For Labour, Help to Buy represents a political challenge. Those who benefit from the scheme will naturally be grateful to the government, while others who do not, or who lose out through price inflation (one of the ill-disguised aims of the policy), may not necessarily blame the coalition. But by warning that only more housebuilding will bring prices under control, and that the government is failing to build enough, Labour can offer a distinctive message. Shadow housing minister Emma Reynolds said in response to Cameron: "Any help for first time buyers struggling to get on the property ladder is to be welcomed. But rising demand for housing must be matched with rising supply if this scheme is to bring the cost of housing within the reach of low and middle income earners.

"Instead under this government housebuilding is at its lowest level since the 1920s. You can't deal with the cost-of-living crisis without building more homes. That's why Labour has committed to building 200,000 homes a year by 2020."

On this point, Labour is at one with economists, who argue in the FT's annual survey that more building is the best way to restrain an incipient housing bubble. Charles Davis of the Centre for Economics and Business Research says: "The simple, crucial fact is that there remains a massive, basic discrepancy between the demand and new supply of homes in the UK. Until that is solved there is likely to be a real appreciation of bricks and mortar, especially while monetary policy is still as loose as it is."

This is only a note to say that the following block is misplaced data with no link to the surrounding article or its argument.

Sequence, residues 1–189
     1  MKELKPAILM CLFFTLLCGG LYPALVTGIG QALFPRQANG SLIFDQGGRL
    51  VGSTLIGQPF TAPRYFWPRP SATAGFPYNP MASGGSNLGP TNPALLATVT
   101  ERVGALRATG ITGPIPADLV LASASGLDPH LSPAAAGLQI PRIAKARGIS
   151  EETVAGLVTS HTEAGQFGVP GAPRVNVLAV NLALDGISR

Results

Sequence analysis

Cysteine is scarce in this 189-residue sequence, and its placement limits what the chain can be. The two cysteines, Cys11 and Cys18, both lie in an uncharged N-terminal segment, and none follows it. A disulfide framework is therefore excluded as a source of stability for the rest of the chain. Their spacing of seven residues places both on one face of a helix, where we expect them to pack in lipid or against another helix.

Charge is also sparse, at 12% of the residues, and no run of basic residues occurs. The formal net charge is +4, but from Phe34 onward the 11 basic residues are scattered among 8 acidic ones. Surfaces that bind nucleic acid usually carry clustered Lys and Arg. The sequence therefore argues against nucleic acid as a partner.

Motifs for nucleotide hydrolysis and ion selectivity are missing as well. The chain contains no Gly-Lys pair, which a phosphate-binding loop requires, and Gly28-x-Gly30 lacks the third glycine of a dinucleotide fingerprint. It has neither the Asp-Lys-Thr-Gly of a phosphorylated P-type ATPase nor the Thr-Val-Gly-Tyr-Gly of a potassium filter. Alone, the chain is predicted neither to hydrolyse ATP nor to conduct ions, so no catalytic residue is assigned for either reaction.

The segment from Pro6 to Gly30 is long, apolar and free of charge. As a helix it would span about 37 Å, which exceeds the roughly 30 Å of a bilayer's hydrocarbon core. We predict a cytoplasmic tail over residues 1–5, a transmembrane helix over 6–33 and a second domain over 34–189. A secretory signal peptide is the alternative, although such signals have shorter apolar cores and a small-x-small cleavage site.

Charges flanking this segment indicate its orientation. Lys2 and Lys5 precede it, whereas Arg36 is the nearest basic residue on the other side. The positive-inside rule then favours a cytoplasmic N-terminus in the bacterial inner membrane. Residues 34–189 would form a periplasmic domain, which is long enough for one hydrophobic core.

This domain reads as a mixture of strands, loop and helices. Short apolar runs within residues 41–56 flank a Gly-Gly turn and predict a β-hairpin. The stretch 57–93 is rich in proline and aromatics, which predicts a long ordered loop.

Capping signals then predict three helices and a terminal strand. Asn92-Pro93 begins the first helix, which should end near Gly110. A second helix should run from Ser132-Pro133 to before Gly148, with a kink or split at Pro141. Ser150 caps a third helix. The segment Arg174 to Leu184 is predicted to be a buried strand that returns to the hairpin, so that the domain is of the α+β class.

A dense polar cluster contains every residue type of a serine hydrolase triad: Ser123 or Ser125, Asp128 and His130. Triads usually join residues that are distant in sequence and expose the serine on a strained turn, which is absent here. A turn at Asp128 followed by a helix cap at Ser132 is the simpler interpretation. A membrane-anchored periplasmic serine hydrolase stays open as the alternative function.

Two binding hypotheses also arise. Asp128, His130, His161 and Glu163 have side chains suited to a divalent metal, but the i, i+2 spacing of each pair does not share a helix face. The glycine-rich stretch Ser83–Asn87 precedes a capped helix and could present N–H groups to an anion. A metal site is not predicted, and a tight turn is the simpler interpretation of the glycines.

John Llewellyn of Llewellyn Consulting says: "The best way to restrain the housing market is to allow more houses to be built. That implies releasing land; and building better transport infrastructure so that people can commute within their one to one-and-a-half hour travel-time budgets." And Andrew Simms of the New Economics Foundation says: "Increasing the supply of housing will go some way to reducing price inflation and that can be done in a number of ways: properly promote new, low-cost, energy-efficient house building, renovate unfit housing stock and compel many of the estimated 900,000 plus empty homes in the UK to be brought back into the market."